The Northeast State Community College Theater Department takes a bold step forward in live theater production with the Greek tragedy Oedipus Rex debuting in October.
The production unites Sophocles’ ancient story with postmodern staging to create an elaborate drama unlike anything attempted by Northeast State Theater.
“The costumes, the masks, and the single set lend credence to the old Greek style,” said Brad McKenzie, the director of Oedipus. “There is a lot of work for the acting direction which is as ambitious as the design.”
The play opens with King Oedipus seeking a way to lift a curse on the city of Thebes. The solution given to him from the god Apollo sets in motion a series of tragic revelations about Oedipus and his life.
“We are trying to appeal to a young college-age crowd,” he says. “We really want to open up the possibilities of the live theater experience at the community college.”
McKenzie and students Adam Honeycutt, Richard Curtis, and Derek Smithpeters began formulating the play’s technical aspects earlier this year. The technical capabilities of the Wellmont Regional Center for the Performing Arts Theater make this one of the department’s most anticipated productions ever.
“It is fantastic to have student designers spend this much time with a production,” says Elizabeth M. Sloan, instructor and director of the Northeast State Theater program. “It is a lot of hard work, and as an actor, I’m excited to see the production come together with the cast and these creations.”
Curtis found a formula online to create the masks using a combination of joint compound, boiled linseed oil, tissue paper, flour, and glue. The result yields sturdy, flexible masks that hold paint and absorb light.
“I looked at the classic designs and developed a look we wanted,” says Curtis, mask designer and assistant scene designer. “I took Brad’s concept and put a modern spin on the masks.”
In the tradition of Greek theater, each character wears a mask. The twist comes through the stage effects of lighting and sound that amplify the dramatic tension and gives the audience a surround-sound feel of a character’s emotional state.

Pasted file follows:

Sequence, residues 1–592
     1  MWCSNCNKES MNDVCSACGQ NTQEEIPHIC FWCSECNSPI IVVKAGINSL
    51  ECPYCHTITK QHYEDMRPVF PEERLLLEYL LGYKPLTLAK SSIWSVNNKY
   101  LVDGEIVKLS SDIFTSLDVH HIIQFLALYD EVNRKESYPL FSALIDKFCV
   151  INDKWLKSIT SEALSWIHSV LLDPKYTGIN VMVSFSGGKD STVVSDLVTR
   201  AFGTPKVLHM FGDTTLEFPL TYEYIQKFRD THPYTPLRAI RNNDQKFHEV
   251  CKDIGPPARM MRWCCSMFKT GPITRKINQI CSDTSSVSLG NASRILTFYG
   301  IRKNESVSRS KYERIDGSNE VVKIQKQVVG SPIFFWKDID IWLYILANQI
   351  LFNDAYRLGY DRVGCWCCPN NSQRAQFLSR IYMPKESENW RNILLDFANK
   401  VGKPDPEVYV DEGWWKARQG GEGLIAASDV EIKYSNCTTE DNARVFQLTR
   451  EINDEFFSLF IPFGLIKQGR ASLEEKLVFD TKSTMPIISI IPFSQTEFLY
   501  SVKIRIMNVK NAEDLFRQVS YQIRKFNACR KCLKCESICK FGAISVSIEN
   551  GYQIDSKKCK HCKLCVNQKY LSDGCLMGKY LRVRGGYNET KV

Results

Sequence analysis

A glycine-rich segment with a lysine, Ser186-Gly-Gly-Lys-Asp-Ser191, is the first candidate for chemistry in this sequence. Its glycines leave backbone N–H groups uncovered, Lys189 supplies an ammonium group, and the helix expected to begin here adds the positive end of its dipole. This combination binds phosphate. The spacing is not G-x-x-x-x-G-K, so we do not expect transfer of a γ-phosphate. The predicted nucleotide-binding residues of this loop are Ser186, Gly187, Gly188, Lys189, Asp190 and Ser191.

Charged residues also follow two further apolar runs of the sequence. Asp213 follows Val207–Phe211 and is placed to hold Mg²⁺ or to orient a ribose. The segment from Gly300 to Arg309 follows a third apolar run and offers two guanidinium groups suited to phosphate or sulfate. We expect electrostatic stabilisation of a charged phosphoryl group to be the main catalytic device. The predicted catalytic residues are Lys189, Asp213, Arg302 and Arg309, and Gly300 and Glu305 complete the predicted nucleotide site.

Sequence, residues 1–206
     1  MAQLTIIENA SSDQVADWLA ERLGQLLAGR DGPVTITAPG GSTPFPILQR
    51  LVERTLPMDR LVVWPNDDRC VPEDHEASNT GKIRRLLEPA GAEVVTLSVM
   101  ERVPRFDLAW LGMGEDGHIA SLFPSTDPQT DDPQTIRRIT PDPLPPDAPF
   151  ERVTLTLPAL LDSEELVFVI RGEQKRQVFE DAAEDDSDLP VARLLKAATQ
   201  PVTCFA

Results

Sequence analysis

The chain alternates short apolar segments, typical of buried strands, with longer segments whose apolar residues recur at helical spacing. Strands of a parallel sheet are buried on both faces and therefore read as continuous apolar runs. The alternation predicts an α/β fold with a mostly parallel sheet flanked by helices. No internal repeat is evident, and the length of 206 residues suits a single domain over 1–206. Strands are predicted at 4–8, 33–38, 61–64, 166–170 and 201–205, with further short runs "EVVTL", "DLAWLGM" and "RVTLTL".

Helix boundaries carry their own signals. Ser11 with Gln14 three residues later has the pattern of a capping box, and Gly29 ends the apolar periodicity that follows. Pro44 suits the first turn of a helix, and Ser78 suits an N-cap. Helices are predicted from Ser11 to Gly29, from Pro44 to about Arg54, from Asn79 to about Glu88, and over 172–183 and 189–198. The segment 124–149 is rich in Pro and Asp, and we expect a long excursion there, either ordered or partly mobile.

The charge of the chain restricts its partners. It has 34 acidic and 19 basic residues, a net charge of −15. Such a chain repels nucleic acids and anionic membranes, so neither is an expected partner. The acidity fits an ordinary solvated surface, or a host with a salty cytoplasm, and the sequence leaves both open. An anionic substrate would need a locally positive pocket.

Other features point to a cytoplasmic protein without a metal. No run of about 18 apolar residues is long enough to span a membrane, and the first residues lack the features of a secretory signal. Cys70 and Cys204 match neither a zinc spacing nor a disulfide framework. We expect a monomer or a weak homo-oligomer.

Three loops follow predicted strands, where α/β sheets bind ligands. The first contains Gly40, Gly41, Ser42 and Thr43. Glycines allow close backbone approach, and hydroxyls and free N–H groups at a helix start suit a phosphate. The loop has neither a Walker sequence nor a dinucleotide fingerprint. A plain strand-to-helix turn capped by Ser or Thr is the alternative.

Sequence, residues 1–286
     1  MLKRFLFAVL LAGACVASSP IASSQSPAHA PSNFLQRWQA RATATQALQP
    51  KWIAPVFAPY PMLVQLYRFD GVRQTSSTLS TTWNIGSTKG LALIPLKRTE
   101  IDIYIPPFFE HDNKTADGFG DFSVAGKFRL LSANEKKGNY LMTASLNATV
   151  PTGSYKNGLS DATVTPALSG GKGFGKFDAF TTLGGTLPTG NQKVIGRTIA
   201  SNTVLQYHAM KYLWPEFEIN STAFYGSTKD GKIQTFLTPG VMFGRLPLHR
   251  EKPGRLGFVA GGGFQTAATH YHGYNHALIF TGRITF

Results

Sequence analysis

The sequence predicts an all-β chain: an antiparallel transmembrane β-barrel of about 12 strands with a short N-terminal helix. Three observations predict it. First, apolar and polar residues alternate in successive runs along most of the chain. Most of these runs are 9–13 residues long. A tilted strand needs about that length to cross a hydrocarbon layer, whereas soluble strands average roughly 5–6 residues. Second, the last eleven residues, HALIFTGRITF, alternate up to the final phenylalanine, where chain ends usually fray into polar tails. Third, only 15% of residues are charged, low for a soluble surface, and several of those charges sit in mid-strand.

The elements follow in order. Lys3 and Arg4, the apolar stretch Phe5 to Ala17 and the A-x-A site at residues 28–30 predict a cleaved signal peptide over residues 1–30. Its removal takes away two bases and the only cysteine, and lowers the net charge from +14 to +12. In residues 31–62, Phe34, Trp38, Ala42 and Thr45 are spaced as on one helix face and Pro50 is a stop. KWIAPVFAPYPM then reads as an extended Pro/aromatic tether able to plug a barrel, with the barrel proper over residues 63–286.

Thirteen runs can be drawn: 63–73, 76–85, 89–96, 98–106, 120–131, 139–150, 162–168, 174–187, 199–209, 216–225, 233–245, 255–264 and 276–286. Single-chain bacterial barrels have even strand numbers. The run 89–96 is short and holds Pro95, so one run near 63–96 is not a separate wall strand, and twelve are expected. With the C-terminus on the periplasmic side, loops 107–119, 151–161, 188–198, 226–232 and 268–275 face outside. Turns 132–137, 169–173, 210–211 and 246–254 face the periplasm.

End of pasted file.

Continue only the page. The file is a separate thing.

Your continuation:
Honeycutt worked behind the scenes as stage manager on Dracula and Wizard. He creates the sound cues in Oedipus to work in concert with the dialogue and lighting design.
“We are all pretty competitive,” says Honeycutt of his colleagues. “I’ve learned a ton of stuff from Brad.”
Creating the deadly gashes and damaged bodies falls to Smithpeters and his skill with stage makeup. As it turns out, an artist can create the bloody effects of murder and mutilation with many common household products.
“We use liquid latex, coffee grounds, and oatmeal,” said Smithpeters. “You work with the textures and add some color.”
Curtis, Honeycutt, and Smithpeters are students and more, according to Sloan. All three have put in long hours for productions at Northeast State Theater. This project, she says, showcases their talents on a grand scale.
“We have one of the best technical departments of any college theater program in this region,” says Sloan. “I am delighted and amazed at the imagination and quality the students are putting into this production.”
A Northeast Status alumnus, McKenzie earned a Master of Fine Arts from the University of Southern Mississippi in theater design before bringing his talents back to Blountville. His work earned him a design award from the John F. Kennedy Center for the Performing Arts. He hopes this production could find its way to a nomination for the Kennedy Center Awards next year.
Opening night for Oedipus Rex is Oct. 13 at 7:30 p.m. in the WRCPA. Performances continue Oct. 13 – 16 at 7:30 p.m. and a matinée showing at 2 p.m. on Oct. 16. All performances will be held in the WRCPA Theater on the College’s main campus.
Tickets are $8 for adults, $6 for non-Northeast State students, seniors, military veterans, and emergency personnel. Performances are free to current Northeast State students, but those tickets must be picked up at the box office. Tickets can be purchased online now at www.NortheastState.edu or at the theater’s box office one hour prior to the show.
Northeast State Theater follows up the fall semester with the holiday performance of The Littlest Angel (rights pending) in December. The Christmas play doesn’t give the techies any time off. Sets must be built, sound cues rehearsed, and the next show goes forward.
“We’ve set a pretty high standard,” says McKenzie. “This is going to be a fun semester.”